Blessed are those whose strength is in you, who have set their hearts on pilgrimage . . . They go from strength to strength, till each appears before God in Zion.
~Psalm 84:5

Saturday, September 25, 2010

No Girls Allowed

No Girls Allowed by Jayce O'Neal is a devotional geared towards boys ages 8-12.  An odd choice for this single mother of none, I know.  However, I AM a teacher and an aunt of two boys within this age bracket.

I specifically requested this book for my nephews.  As expected, the puzzles and secret codes were a hit (although the crosswords are probably a bit difficult for the younger boys since there is no answer bank and not all the questions are taken word-for-word from the text).  I particularly like the basic format of having a scripture to start with, a little story or scenario and then ending with a short prayer.  The puzzles and secret codes reinforce the theme and there's even an application section that gives the boys some suggestions for applying what they just read about to their lives at home and/or at school.  After the application section are a few scriptures to give more biblical backing to the theme.  I love that there are three quotes printed to the right of the scriptures at the end of each devotional selection; it makes my English major heart go pitter-patter!  The quotes are taken from famous authors, historical figures, christian intellectuals, superhero movies, athletes, etc.  I personally think it's good exposure for the kiddos.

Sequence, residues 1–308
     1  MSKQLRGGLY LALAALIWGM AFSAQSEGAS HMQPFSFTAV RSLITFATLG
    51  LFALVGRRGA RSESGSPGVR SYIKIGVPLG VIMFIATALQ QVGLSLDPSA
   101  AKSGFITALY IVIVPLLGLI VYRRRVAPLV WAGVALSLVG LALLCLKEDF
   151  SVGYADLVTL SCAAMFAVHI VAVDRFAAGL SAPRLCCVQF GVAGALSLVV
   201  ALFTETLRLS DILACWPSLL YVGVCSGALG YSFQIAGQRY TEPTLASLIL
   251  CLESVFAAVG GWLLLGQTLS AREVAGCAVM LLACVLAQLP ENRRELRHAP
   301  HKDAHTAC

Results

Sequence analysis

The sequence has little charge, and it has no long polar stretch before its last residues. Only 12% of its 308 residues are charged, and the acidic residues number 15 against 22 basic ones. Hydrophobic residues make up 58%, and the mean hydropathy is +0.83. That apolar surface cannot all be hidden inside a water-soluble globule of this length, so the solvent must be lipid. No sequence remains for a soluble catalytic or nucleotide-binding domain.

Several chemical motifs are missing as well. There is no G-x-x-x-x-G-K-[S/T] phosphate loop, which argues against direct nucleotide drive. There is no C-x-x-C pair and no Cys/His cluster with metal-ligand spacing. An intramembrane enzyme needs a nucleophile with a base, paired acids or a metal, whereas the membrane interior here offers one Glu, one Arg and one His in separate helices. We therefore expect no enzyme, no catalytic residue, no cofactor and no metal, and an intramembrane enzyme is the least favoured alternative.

Another thing I like about O'Neal's devotional is that he keeps it real.  In a gentle way he explains that life is not always ice cream and action figures; bad things happen, even when you did nothing wrong.  He encourages your child with the fact that God is still there and still loves him and will help him through the difficult times.

If you homeschool your children OR if they are particularly sheltered then this might not be the best fit for your child.  O'Neal makes references to classroom scenarios that homeschool kids have never been exposed to so may not connect with.  He also makes connections to movies and tv shows extremely sheltered kids may not be exposed to (SpongeBob, Batman, Star Trek, Hulk, Transformers, Starwars . . . just to name a few!).  Not to say that these show or references are bad, just that they might pique your child's interest before you are ready to show them those particular things.  But if you're willing to work through and discuss the book with your child then you both should be fine.

Overall, for content and ease of reading & understanding, I'll give this one a 4 out of 5 stars.

A complimentary copy of this book was provided to me by the Tyndale House Publishers in exchange for posting a review on my blog.

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